Once energized, it dawned upon us that the shuttle would stop at Thakurwadi and we still had time to make it to Thakurwadi. With the help of a few railway workers, we managed to reach Thakurwadi just in time as the Pune bound shuttle was almost arriving. We were only able to make it the penultimate coach before the shuttle started towards Khandala. Quickly boarded and called up our savior of the day to let him know we were in the shuttle he was banking and that we would meet him at Khandala. Soon enough Khandala arrived, a quick meet and handshake and we also decided to deboard at Lonavla as he would finish his banking duties to spend at least a few moments thanking him for his help before moving on. We had a surprise in store for us as we came face to face with Ashish Kuvelkar of IRFCA, Pune. I was aware of the famed Bhore Ghat Picture of Coimbatore – LTT, popularly known as Kurla express shot at the very same location where we spent close to 2 hours today, but was ignorant of the fact that this shot was indeed clicked by him. Apparently he was there earlier today trying to capture our HYB – CSTM express as well :). As we parted, we gifted our generous guide and well wisher, the famed Dharwad Pedas, albeit with a couple of missing pieces and with due apologies for the same.

I am the BOSS
I am the BOSS – This signal turns green only after the train stops for a specific period of time.

Soon enough, Chennai bound 11041 pulled into Lonavla and after a quick check with the TTE, boarded one of the sleeper classes and in no time, drifted off to dreamland. Somewhere down the line we overtook the Karjat – Pune shuttle and pulled into Pune shortly before 6PM. We literally dragged ourselves out of the station and to the same nondescript hotel where we made a flying visit earlier in the day. I called up our original guide and well wisher for this trip and updated the day’s happenings and shared a few pics which I had taken with my mobile. It was then that we decided to make it to the IRFCA convention without fail at Bikaner in January 2016 as we were unable to meet with him and a few others as they were all held up with personal commitments. An hour of rest, followed by some tea, snacks and a quick bath and the planning for the next part of our trip started.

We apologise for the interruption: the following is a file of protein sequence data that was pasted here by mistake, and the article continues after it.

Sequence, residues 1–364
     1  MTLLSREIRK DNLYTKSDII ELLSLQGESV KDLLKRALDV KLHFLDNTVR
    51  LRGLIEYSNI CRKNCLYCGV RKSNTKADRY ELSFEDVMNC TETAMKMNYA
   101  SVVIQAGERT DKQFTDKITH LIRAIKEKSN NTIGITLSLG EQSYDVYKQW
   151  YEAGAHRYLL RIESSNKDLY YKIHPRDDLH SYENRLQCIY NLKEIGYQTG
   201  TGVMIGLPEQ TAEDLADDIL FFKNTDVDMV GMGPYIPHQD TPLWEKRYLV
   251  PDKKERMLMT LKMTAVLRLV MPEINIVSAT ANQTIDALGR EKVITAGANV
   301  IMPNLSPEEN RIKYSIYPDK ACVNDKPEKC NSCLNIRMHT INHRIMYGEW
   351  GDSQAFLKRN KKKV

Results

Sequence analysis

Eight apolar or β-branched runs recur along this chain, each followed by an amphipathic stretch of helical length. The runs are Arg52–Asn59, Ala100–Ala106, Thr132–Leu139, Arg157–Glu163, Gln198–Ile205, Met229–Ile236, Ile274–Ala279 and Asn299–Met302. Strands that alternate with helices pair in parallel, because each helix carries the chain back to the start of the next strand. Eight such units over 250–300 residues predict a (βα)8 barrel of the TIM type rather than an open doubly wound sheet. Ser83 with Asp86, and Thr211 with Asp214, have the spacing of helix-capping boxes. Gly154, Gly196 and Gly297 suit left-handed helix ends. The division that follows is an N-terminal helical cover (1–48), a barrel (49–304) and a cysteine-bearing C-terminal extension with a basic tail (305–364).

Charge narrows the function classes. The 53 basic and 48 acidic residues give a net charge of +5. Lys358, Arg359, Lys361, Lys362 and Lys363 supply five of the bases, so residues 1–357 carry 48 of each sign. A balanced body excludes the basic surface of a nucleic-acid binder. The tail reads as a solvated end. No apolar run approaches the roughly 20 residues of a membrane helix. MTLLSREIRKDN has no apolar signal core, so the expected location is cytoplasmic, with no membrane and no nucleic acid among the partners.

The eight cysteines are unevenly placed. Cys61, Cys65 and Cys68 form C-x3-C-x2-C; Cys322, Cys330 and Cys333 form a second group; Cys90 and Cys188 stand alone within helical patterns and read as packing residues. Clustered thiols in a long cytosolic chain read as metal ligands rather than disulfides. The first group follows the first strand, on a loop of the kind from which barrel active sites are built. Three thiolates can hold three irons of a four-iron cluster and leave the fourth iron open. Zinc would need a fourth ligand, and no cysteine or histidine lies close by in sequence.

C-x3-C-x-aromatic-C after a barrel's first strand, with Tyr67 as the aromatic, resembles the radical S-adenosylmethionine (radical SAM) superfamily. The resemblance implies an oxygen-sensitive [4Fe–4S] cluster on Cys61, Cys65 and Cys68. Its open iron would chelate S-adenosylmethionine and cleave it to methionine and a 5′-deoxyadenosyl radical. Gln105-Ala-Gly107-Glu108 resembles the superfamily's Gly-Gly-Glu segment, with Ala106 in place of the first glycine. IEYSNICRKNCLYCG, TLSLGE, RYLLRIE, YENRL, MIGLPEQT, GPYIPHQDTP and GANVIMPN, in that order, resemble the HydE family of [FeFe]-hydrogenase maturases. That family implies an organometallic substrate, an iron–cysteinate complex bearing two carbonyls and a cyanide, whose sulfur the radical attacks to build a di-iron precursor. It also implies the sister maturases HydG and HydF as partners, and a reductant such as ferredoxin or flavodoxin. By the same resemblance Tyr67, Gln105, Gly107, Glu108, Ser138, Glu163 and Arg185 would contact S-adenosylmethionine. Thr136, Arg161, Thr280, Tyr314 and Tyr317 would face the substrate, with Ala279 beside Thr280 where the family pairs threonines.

We had an onward journey sleeper class ticket to Goa (Madgaon) in 11097, Pune – Ernakulam poorna express. As much as we would have loved to take the sleeper, physical exhaustion and lack of sleep took a toll on us and we decided to travel by 3A. Tatkal showed an availability of around 10 berths and general waiting list of 3. With charting due in the next 10 minutes, we immediately booked 2 3A tickets to Madgaon and cancelled our sleeper class. As expected, we got confirmed berths on chart preparation and decided to doze off for another hour before venturing out for dinner. 8PM, we check out and drag us and our luggage again to Pune. Thankfully enough we were spared a climb as Poorna was berthed on PF1 of Pune station. A quick dinner, couple of bottles of water and something packed for later in case of eventuality, we quickly settled onto our berths for an extended rest before we reach GOA the following afternoon. After a terrific and tiring day, we drifted off with a satisfied soul and a tired body.

Just You Wait !!!
We loop around Miraj bound passenger at Sulebhavi
Back On Track
Back To The Mainline.

Early morning freshening up and rituals needs to be completed before the world around you gets up and I am usually a very early riser especially while traveling. The early morning freshness and the rhythm of the train speeding past vast fields of nothingness preps you up for the day. However the day started late for me considering the previous day’s adventures. By the time, I could freshen up and set myself up, we were crossing Sulebhavi and probably the Belgaum – Miraj passenger and shortly afterwards entered Belgaum. As is the fashion nowadays, Belgaum is now renamed to Belagavi. A long wait for the SWR Queen ensured that we have a good breakfast and some station tea. Rani Chennamma arrived with UBL WDP4 20026 in LHF and soon enough we were given the starter to proceed towards Londa.

Hail Her Majesty
SWR Pride, Rani Chennamma enters Belagavi with a UBL WDP4 in LHF
Londa Ghat
Curving in along Londa Ghats
Almost There
Almost There – Entering Londa